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AKG Acoustics K701 Reference Class Headphones
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- 0 Revolutionary flat-wire voice coil technology Patented AKG Varimotion ultraprecise 2-layer diaphragm Self-adjusting cushioned genuine-leather headband Bi-wiring, high-performance cable with 1/4" jack plug Comfortable, specially shaped "3D-Form" ear pads Complete with stylish storage cradle Individually tested and numbered
- Dimension: Length: 113 mmWidth : 199 mmHeight : 212 mm
- Net Weight: 235 g
- Revolutionary flat-wire voice coil technology
- Patented Varimotion two-layer diaphragm
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This item AKG Acoustics K701 Reference Class Headphones
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|Item Dimensions||9.4 x 11.5 x 6.5 in||7.83 x 4.45 x 8.35 in||9.2 x 8.8 x 4.3 in||4.7 x 9.4 x 11.2 in||10 x 12.4 x 4.33 in||8.8 x 9.8 x 4.3 in|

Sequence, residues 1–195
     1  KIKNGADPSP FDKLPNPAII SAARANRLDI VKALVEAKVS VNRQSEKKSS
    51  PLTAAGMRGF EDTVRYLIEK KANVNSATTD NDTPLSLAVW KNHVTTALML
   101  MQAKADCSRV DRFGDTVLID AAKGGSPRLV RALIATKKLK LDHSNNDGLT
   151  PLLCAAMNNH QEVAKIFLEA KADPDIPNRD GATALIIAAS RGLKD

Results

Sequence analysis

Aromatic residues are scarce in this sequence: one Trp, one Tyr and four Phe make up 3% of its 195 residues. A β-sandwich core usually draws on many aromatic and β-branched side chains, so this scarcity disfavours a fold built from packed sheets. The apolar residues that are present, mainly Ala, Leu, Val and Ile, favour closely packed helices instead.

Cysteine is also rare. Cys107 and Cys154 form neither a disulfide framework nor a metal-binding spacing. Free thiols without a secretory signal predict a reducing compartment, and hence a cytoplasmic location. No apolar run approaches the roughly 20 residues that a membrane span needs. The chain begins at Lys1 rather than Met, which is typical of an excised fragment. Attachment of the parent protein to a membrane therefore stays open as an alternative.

|Item Weight||0.51 lb||1.8 lbs||1.46 lbs||0.62 lb||0.57 lb||1.46 lbs|
|Additional Features||lightweight||lightweight||DJ-Style||Adjustable Headband||lightweight||lightweight|
%3Cfont size%3D%222%22%3EWhether you prefer the holistic approach or like to listen analytically%2C the K 701 will turn perception into pure enjoyment%2EAKG is the first manufacturer in the world to use revolutionary flat%2Dwire technology in headphones%2C namely%2C the K 701%2E The result is a truly dramatic sound that places every musician at their correct location with pinpoint accuracy%2E This kind of agility%2C spaciousness%2C brilliant highs%2C and velvety%2C punchy bass is simply miraculous%2E These superlative open%2Dback dynamic headphones provide an outstandingly accurate sound and excellent imaging%2E Try the K 701 and find out what ingenious headphone engineering can do for you%2E%3C%2Ffont%3E
Top Customer Reviews
I narrowed my prospects to the AKG K701s, AKG K702s and AKG K712s; the Beyerdynamic DT-880 Pro Headphones (250 ohm), and the Focal Spirit Professional headphones. Of that short list, the K712s and the Focal Spirit Professional headphones cost more than I cared to spend, and the frequency response curve of and DT-880s were not as tight as the AKG K701s and K702s. Both have a flat frequency response over the majority of the musical spectrum, great reviews, and a very reasonable price for that level of audio quality.